Held under the auspices of the Committee on the Exercise of the Inalienable Rights of the Palestinian People, the theme of this year's Symposium was "50 years of dispossession of the Palestinian people".
Plenary discussions during the three-day session centred on "Memory: Remembering the Palestinian history" and "Conscience: Strategies for contesting the future", which were followed by a series of workshops. They included those on non-governmental organizations (NGO) campaigns for East Jerusalem, for Palestinian refugees and against settlements; the effects of closure on the occupied Palestinian territory; mobilizing North American public opinion; and NGO support for the Fourth Geneva Convention with respect to the question of Palestine. This morning's final plenary meeting, on the topic "From memory to conscience", focused on conclusions to be drawn from the workshops for NGO work in North America.
Ravan A.G. Farhadi (Afghanistan), Acting Chairman of the Committee on the Exercise of the Inalienable Rights of the Palestinian People, said that the Symposium's theme should remind participants of the unresolved tragedy of Palestine and, at the same time, mobilize a redoubling of efforts in the pursuit of a just peace. Every attempt should be made to support and complement the important decisions and efforts of influential governments and intergovernmental organizations in support of the Palestinian people.
In the next few months, he continued, the Committee would be involved in many of those intergovernmental efforts, which would culminate in the annual session of the General Assembly. It was expected that important decisions would result from those meetings. The Committee would carry out its programme of work with the necessary flexibility to respond to developments in the most effective manner.
NAJAT ARAFAT KHALIL, President of the Arab Women's Council, speaking in the workshop on NGO campaign for Palestine refugees, said there was a need to emphasize that the refugee issue was not only a humanitarian concern, but also a political one. Refugees should have the right to return to pre-1948 borders, and to be compensated if they chose not to exercise that right. The term "refugee" must refer to all dispossessed Palestinians and not just those living in the camps; there was a need for increased support for the United Nations Relief and Works Agency for Palestine Refugees in the Near East (UNRWA). In view of the international consensus, Israel must acknowledge its part in the dispossession of the Palestinian people.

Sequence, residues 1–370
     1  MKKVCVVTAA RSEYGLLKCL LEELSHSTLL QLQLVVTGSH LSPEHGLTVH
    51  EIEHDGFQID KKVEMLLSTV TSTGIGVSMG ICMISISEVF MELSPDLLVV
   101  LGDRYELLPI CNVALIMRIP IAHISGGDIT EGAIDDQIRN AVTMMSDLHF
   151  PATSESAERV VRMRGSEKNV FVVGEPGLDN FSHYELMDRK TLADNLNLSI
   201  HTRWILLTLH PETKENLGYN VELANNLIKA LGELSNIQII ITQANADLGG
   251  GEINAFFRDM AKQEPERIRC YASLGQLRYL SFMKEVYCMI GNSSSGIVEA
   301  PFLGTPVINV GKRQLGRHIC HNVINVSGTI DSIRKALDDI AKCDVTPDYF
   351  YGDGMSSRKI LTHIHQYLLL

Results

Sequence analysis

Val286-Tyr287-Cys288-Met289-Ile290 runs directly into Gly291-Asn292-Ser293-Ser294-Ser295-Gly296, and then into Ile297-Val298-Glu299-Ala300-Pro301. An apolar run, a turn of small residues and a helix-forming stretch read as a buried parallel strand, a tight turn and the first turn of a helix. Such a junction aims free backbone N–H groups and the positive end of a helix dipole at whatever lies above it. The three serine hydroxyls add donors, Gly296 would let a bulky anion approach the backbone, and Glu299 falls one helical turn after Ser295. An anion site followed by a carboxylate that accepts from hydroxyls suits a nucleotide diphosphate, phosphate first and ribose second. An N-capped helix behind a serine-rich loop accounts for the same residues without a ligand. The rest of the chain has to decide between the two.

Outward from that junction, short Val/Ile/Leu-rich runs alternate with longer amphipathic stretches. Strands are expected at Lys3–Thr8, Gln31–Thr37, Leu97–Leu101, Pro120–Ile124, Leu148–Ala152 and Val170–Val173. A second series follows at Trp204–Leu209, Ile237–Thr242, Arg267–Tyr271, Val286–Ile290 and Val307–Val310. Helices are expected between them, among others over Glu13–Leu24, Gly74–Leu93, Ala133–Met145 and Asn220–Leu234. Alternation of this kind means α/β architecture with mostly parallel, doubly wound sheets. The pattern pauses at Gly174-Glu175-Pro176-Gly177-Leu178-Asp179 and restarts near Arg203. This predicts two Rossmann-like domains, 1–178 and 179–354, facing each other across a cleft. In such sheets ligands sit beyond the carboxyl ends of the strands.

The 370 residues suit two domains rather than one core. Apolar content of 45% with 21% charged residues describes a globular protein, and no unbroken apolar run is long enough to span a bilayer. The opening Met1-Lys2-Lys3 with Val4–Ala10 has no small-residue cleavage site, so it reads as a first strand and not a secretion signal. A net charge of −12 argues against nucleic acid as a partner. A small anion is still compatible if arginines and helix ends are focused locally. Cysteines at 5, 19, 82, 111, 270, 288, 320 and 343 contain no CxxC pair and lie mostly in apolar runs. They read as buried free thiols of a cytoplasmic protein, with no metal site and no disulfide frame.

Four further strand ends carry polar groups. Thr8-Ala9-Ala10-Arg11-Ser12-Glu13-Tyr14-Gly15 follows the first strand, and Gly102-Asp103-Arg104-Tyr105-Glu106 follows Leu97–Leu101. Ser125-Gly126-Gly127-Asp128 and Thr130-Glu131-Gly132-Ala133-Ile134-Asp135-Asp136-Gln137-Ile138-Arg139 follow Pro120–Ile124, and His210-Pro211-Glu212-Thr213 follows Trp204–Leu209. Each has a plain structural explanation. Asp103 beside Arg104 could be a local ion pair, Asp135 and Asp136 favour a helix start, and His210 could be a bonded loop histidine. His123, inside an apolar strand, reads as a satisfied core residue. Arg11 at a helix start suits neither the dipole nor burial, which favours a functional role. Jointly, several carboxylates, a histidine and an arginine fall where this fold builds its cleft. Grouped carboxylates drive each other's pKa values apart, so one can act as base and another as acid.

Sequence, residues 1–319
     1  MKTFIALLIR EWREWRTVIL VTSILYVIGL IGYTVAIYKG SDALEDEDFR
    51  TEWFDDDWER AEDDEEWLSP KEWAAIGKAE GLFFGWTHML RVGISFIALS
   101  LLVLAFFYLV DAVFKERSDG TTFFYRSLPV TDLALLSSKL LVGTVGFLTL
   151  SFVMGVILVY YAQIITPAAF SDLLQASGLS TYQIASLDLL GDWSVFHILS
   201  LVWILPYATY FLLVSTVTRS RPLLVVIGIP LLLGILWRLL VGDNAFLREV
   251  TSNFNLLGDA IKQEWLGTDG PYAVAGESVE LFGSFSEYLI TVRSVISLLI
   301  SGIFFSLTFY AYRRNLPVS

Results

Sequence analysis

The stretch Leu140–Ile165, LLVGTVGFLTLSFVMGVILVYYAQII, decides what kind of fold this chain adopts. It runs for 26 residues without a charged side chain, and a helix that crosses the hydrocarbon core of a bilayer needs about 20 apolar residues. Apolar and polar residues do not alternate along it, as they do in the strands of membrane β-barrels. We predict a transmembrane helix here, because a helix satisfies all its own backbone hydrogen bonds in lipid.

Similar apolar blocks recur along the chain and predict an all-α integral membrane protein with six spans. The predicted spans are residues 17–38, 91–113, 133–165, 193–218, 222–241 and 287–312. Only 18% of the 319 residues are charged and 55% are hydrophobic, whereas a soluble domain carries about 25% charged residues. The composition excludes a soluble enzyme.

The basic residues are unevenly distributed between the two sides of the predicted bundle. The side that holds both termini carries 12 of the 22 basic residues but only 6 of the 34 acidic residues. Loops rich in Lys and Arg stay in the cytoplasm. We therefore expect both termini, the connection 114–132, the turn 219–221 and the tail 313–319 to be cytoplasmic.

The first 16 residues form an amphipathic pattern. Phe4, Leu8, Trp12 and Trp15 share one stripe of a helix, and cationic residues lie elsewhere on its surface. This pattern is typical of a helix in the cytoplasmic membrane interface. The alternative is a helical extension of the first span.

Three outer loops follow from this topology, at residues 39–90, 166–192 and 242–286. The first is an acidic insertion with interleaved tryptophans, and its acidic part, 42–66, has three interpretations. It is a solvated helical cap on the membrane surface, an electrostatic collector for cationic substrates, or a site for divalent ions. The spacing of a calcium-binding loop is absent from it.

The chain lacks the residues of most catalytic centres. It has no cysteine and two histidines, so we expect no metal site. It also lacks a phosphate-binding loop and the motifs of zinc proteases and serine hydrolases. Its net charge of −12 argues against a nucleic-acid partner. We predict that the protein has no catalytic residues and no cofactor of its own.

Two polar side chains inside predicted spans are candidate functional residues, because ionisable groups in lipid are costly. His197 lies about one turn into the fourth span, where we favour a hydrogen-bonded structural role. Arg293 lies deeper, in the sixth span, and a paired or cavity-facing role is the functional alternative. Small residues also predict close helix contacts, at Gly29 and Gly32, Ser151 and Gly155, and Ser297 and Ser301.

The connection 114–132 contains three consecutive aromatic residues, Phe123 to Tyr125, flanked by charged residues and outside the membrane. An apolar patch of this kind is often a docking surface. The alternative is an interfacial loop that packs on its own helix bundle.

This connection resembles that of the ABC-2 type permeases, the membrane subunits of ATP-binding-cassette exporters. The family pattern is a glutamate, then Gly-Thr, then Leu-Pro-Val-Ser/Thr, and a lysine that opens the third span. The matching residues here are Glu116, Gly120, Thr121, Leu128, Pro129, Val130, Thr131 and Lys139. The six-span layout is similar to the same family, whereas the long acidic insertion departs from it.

On the effects of Israel's policy of closure, JOHN SIGLER, United Nations Association of Canada, said closure was part of Israeli Government's policy, regardless of the party in power. The Internet should be used to disseminate information on the policy of closure, and American journalists in the region should start writing about the issue. Audio-visual material should be produced on that issue and a fact sheet should be provided to tourists visiting the Holy Land. Articles should also be published in medical publications to inform physicians about the medical effects of closure.
He also said that a meeting of the High Contracting Parties to the Fourth Geneva Convention should be convened over the illegality of Israel's actions in the occupied territory. Demands that international law be respected should become part of a media campaign, and the Fourth Geneva Convention should serve as a tool for that campaign.
DARREL MYERS, Middle East Fellowship of Southern California, said that the workshop on the campaign for the East Jerusalem recommended promoting educational tours of Israeli settlements and of Jerusalem. There was also a need for a press watch to monitor stereotypes of Palestinians and Arabs. A dialogue about peace between Jews and Palestinians could sensitize Americans. The workshop recommended joint action with Gush Shalom, an Israeli peace movement.
KATHY BERGEN, Friends of Sabeel, said that the workshop on campaign against settlements felt that the media should be used by NGOs in such campaigns. There were excellent videos on the Palestine issue that should be aired by local networks. A fact sheet on settlements should be distributed to target publics, such as mainline churches, the religious right and policy makers. A suggestion had also been made to hold a "lobby day" on a date that was relevant to the Palestinian question.